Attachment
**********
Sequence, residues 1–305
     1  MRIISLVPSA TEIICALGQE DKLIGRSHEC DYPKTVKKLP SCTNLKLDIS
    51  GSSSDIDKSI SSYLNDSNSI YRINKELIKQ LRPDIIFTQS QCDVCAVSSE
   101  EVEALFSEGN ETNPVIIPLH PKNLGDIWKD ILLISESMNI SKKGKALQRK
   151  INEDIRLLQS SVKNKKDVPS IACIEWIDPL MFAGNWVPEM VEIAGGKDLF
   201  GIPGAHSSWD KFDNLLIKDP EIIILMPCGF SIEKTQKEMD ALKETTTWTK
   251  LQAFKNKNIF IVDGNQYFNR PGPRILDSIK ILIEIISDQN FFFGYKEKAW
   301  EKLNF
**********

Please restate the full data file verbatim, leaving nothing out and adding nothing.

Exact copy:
Sequence, residues 1–305
     1  MRIISLVPSA TEIICALGQE DKLIGRSHEC DYPKTVKKLP SCTNLKLDIS
    51  GSSSDIDKSI SSYLNDSNSI YRINKELIKQ LRPDIIFTQS QCDVCAVSSE
   101  EVEALFSEGN ETNPVIIPLH PKNLGDIWKD ILLISESMNI SKKGKALQRK
   151  INEDIRLLQS SVKNKKDVPS IACIEWIDPL MFAGNWVPEM VEIAGGKDLF
   201  GIPGAHSSWD KFDNLLIKDP EIIILMPCGF SIEKTQKEMD ALKETTTWTK
   251  LQAFKNKNIF IVDGNQYFNR PGPRILDSIK ILIEIISDQN FFFGYKEKAW
   301  EKLNF